The camera’s back is dominated by the 3-inch LCD that you’ll use as the camera’s viewfinder. There are also four buttons in a vertical line for autofocus lock, image playback, "info" (a one-stop settings screen), and the more in-depth menu. This row is found on the right of the LCD screen and is easily accessed by your thumb, a smart design choice versus putting them below or to the left of the screen. Lastly, there are four directional buttons plus an "ok" button in the center. These buttons are used for either navigating through menus or to quickly access settings for ISO, white balance, the flash, or shooting modes (single frame, continuous, timer, etc.).

All in all, the K-01 gives the user a wide variety of manual control for those who want it, and does so without overwhelming the camera with buttons or dials. For DSLR owners who are used to tweaking every aspect of the shooting process, the K-01 offers similar flexibility without requiring too much diving through menus — almost everything is a touch or two away. The four-way buttons are positioned right where your thumb would like them to be, while the vertical row of buttons is easily accessible without having to stretch.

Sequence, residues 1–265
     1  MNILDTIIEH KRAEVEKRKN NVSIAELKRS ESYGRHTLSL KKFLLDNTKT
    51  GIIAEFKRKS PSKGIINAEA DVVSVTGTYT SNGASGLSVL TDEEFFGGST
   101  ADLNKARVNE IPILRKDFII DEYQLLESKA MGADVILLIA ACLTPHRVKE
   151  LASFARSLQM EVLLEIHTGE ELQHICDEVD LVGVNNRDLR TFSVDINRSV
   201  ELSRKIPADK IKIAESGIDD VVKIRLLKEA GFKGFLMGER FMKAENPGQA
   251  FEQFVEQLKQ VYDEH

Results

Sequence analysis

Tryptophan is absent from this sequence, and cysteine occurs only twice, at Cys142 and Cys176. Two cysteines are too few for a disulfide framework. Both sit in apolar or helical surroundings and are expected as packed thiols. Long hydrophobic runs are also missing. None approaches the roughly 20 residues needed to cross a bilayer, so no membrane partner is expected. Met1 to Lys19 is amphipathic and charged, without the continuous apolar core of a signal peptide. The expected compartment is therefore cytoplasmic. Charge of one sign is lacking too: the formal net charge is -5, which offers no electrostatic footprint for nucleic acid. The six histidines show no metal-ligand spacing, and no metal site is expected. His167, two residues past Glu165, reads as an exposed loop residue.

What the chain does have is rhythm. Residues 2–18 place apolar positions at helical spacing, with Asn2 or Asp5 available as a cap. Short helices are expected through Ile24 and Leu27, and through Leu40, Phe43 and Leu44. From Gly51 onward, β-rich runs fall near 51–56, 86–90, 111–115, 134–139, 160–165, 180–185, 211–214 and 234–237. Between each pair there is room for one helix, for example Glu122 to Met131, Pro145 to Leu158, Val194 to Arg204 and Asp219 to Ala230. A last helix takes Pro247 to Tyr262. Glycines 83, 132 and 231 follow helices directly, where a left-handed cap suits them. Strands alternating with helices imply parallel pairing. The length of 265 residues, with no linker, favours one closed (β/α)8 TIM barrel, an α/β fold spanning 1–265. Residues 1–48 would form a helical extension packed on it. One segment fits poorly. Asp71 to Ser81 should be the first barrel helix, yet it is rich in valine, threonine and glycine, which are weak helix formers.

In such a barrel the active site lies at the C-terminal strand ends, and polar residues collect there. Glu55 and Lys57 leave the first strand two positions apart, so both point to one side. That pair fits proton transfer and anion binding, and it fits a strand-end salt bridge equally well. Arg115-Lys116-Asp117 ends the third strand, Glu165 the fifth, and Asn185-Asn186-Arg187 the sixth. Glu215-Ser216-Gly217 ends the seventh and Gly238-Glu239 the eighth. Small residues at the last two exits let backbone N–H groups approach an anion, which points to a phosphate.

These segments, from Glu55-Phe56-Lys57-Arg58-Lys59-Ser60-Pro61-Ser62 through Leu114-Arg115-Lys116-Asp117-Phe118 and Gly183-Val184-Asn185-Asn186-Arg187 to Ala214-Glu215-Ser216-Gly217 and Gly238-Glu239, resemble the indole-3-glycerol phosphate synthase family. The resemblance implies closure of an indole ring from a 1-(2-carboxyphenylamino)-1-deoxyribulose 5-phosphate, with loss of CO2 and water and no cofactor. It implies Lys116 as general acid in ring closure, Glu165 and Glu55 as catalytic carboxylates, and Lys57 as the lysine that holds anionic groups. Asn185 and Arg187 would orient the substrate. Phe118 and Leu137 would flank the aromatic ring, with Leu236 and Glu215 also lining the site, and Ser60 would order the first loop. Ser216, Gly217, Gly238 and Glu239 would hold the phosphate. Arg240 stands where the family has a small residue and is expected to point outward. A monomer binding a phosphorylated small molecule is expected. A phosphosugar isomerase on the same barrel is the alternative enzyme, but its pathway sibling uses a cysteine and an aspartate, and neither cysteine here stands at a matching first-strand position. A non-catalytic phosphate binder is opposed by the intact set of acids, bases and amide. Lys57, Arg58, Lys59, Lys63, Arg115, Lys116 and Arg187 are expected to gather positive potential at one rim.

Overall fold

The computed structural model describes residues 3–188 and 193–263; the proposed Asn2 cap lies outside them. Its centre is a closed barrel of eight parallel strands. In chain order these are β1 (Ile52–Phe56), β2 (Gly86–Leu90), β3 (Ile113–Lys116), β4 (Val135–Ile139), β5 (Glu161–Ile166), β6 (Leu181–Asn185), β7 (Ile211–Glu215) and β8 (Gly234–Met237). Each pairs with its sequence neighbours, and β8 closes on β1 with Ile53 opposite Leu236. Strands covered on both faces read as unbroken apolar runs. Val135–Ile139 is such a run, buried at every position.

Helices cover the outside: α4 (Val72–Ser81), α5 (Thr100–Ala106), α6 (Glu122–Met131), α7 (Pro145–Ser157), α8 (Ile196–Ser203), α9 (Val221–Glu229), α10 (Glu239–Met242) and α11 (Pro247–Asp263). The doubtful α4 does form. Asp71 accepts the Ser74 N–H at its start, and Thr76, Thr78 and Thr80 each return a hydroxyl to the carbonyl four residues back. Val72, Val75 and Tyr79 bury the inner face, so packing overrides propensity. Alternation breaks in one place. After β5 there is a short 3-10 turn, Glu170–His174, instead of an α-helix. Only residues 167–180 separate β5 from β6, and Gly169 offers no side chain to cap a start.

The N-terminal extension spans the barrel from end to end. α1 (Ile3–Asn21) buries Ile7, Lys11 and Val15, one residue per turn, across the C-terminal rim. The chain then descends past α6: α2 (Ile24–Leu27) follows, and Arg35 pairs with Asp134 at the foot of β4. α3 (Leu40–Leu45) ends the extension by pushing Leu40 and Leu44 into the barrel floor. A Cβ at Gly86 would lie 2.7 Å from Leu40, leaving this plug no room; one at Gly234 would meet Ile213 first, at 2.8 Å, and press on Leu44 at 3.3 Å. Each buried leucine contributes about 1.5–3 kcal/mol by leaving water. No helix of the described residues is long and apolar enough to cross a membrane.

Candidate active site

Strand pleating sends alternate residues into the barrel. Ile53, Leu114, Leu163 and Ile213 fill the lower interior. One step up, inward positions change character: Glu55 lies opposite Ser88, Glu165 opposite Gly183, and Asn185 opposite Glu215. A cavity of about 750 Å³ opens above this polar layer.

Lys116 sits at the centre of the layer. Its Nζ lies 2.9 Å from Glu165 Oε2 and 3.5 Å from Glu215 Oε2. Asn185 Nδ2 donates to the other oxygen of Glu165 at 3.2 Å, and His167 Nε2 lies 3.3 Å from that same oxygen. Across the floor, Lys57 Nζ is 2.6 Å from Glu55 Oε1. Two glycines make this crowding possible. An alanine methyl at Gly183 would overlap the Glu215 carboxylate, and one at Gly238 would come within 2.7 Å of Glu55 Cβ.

Display / Interface

Display / Interface

The K-01's menu system gets the job done with minimal hassle

On a camera without an optical viewfinder, the LCD screen is of the utmost importance, and Pentax got this one right: the 3-inch screen has a relatively high resolution of 921,000 dots, an excellent refresh rate, and fairly true-to-life colors (though they do appear a tad over-saturated, particularly in the blues and greens). I used it outside on a number of bright days and found that the default brightness setting was usually sufficient, but Pentax lets you crank up the brightness significantly (or dial it down to save battery life). That said, the lack of an optical viewfinder on a camera of this price was disappointing, as is the fact that Pentax doesn’t currently offer an external electronic viewfinder as an add-on. If you’re at all averse to shooting exclusively through an LCD, this camera is definitely not for you.